The inner rage of bullied kids, slowly builds up with each taunting and teasing that occurs. The anger also comes from teachers letting it slide, and the victim feels like there is no one to turn to. What begins as what bullies may say is a harmless joke can slowly start to make someone feel so helpless and mad that they begin to plot a way to stop the hatred that comes their way. This deep fury can sometimes turn into a horrible school shooting. Although this is a more volatile way of releasing tension from bullying, there are other causes of bullying that can lead to school violence.
To continue, bullying can lead to mental health problems in some instances. It has been proven that bullying can cause victims to experience depression and anxiety issues throughout their lives (Hanes, 6). When someone is coping with a mental health issue, their judgment can be off, and their emotions can be hazy. Small disturbances that occur during the day can off set someone with a mental illness. Without any counseling, or help when diagnosed with a mental illness, things can go awry.
The depression within an adolescent is a dangerous thing if left untreated; it can lead to suicide, conduct disorder and alcohol and drug use disorders; a previous attempt; and the availability of firearms in the home (Tyrell, 1). Someone suffering from anxiety can have a continuous feeling of anxiety of have quick panicky attacks that can last from minutes to hours.
While not having treatment for depression and anxiety spawned from bullying is a bad idea, anti-depressants and other medications can have adverse effects. Medicines such as Ritalin can cause mania, insomnia, hallucinations, hyperactivity, impulsivity and inattention (O'Meara, 5). These types of symptoms can cause severe behavior changes in an adolescent, and turn them into someone their parents do not even recognize.
Although anti-depressants can help a lot kids to feel happier, and somewhat normal, the side effects can take a turn for the worse. For instance, school shooter Kip Kinkel was on Prozac when killed 2 people and wounded 22 others (O'Meara, 6). Some of the side effects of drugs like Prozac and Luvox; which Eric Harris the Columbine shooter was taking can cause amnesia, apathy, hyperkinesis, hypokinesis, manic reaction, myoclonus, psychotic reaction.
Several other school shooting and hostages have reported similar findings. The victims of bullying are placed on anti-depressants and the results can be less than satisfactory. Although anti-depressants are scientifically linked to suicide, medical findings have yet to find the direct link between the antidepressants and homicide, but there are studies that are trying to prove the idea (O'Meara, 6). Dr. Marks, when reviewing the Columbine shootings stated “I'm in the process of updating my report for the court, but my preliminary impression from looking at the material is that there very well could be a causal relationship here, that this drug could have been a factor that tipped Harris from being a troubled teen to a murderer.” After Marks made this statement, the drug Luvox was taken off the market.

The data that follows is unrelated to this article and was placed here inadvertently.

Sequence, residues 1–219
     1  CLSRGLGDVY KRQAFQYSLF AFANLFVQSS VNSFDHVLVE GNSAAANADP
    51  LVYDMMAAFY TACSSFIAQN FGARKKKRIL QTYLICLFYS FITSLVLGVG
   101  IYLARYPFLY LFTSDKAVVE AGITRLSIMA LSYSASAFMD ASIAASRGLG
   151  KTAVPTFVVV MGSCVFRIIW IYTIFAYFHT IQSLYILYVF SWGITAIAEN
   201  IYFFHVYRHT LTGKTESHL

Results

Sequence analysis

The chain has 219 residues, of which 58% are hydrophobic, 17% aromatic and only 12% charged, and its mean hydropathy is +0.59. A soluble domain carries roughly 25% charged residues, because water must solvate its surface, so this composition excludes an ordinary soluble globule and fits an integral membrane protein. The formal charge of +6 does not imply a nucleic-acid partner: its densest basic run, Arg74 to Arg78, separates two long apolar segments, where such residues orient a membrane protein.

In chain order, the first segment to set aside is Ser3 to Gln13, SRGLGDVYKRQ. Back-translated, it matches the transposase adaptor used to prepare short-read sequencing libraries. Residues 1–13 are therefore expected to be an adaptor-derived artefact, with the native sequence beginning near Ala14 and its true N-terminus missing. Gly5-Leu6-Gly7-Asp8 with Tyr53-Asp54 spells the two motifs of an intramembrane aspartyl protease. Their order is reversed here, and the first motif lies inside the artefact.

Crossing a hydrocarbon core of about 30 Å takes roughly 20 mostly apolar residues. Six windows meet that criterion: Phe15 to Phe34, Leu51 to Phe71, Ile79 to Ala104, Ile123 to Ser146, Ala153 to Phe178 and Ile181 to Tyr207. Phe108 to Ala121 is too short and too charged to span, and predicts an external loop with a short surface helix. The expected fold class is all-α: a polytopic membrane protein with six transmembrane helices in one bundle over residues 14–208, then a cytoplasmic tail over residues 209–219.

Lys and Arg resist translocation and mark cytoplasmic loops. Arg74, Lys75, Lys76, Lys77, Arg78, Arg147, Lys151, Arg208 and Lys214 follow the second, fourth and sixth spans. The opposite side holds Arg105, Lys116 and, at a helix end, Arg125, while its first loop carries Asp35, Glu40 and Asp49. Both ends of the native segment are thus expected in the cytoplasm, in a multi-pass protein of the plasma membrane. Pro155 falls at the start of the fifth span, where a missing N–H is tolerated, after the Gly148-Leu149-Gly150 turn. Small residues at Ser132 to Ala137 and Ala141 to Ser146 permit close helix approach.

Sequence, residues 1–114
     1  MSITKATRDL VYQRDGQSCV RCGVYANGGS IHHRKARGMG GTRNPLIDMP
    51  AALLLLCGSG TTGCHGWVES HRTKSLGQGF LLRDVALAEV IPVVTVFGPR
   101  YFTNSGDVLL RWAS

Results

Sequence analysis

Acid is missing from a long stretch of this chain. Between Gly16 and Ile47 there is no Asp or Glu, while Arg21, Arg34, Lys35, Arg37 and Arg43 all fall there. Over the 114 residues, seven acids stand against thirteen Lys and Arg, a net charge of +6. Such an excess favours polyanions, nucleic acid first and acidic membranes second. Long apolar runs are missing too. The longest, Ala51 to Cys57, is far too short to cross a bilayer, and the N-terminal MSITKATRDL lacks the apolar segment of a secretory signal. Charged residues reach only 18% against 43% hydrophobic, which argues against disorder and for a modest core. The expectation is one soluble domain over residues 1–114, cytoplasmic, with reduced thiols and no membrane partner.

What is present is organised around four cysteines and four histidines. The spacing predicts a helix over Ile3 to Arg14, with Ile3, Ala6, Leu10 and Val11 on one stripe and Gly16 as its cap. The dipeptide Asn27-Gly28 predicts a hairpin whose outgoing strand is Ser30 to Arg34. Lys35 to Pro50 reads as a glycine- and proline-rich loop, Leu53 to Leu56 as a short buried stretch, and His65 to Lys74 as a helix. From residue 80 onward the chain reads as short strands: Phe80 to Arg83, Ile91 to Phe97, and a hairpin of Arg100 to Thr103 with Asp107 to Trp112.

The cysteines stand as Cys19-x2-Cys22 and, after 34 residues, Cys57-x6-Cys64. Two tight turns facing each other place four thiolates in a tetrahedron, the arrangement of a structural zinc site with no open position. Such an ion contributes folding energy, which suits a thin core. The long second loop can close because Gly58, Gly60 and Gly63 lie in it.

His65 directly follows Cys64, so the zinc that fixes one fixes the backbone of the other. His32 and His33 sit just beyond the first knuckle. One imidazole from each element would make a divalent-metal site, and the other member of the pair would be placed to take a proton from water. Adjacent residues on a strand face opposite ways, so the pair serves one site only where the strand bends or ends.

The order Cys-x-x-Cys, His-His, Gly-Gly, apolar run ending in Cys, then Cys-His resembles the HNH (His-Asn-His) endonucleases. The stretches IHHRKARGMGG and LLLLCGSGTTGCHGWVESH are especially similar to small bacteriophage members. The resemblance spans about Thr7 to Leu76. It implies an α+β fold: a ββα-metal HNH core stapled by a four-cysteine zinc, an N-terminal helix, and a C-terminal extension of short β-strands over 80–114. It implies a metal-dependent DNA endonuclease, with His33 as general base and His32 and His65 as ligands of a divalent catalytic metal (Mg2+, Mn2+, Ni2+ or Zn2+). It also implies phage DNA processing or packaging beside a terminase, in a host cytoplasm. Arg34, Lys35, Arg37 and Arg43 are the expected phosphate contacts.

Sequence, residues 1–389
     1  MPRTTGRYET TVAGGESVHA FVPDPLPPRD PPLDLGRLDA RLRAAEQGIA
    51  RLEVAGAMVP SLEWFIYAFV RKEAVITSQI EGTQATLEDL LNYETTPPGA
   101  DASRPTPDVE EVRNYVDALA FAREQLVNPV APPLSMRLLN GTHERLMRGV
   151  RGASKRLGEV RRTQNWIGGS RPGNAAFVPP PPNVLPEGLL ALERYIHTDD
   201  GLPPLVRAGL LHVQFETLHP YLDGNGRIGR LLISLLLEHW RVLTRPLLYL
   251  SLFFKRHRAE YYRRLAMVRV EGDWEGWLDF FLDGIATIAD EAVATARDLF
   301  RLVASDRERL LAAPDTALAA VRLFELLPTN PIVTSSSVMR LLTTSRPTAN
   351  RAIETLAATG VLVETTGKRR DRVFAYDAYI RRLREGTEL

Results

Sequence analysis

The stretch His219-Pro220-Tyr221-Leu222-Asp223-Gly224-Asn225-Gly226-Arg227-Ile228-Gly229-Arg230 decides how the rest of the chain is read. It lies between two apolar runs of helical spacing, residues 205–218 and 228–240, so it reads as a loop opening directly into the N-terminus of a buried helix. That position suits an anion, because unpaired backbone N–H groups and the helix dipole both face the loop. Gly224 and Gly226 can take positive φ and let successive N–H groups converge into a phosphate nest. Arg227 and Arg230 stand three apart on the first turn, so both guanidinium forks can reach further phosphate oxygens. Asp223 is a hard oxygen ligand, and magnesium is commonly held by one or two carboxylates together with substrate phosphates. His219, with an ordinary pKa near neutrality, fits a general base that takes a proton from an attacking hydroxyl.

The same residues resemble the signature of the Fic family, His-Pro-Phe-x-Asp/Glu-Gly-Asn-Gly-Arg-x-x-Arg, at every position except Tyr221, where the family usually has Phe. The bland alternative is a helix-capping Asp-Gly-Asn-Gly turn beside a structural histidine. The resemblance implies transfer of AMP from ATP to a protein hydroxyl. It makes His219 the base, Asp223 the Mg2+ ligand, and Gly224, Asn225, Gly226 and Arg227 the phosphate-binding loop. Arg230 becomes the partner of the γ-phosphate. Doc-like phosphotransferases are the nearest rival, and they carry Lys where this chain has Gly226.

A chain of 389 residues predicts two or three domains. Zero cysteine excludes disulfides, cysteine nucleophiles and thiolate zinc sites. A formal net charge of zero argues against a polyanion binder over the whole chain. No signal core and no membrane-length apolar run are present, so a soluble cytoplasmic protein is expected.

Kids like Eric Harris, who have been bullied and teased all their lives, finally find some reprieve from their depression through the form of anti-depressants, but what if the help of these medicines can turn them into cold, violent mass murderers.
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Finally, bullies are not only the victims own age, but also on some occasions are their teachers, but this problem is rare. A more common problem for bullied victims is that their teacher does nothing about the constant bullying, and because of this school violence is even more so on the rise.
In a study done by Frank Barone, a group of hundreds of eighth graders were asked if they had ever been bullied, and then teachers were to say how many kids had been bullied. The results were shocking, 58.8% of the eighth graders said they had been bullied, but the teachers said that only 16% of eighth graders had ever been bullied (Barone, 4) studies have been done, such as watching playground activity and the results showed that teachers only catch about 1 out of every 25 cases of students being bullied (Smith-Heavenrich, 4). These studies show that teachers are very unaware that so many children are being bullied.
Many teachers seem to put bullying on the back burner and attribute it to a part of growing up and that is not a serious problem (Barone, 4). But this has been proven otherwise by the violent acts that occur in school. In one case Nathan Feris, a young boy who was constantly teased, brought a gun to school and fatally shot a student and himself (Barone, 5). No teacher had ever tried to stop the bullying, and told him to brush off the situation. Like other teachers, they saw Feris's problem as a right of passage into adulthood, that to become a “man” he had to face his bullies (Barone, 6). This is just one example of how teachers need to keep surveillance and stop bullying in its tracks.
To conclude, school shootings have severe effects on the students, faculty and families involved. Finding the cause of school violence is the only way to fix it. Bullying seems to be the culprit in these mass murders. Small things like the building up of rage in someone can cause it, also the depression that comes with bullying adds to it and teachers not intervening with the bullying all play a role. Because almost three-quarters of the attackers felt persecuted, bullied, threatened, attacked or injured by others prior to the incident (Burns, 5), bullying has a very high chance of being the cause of school shootings.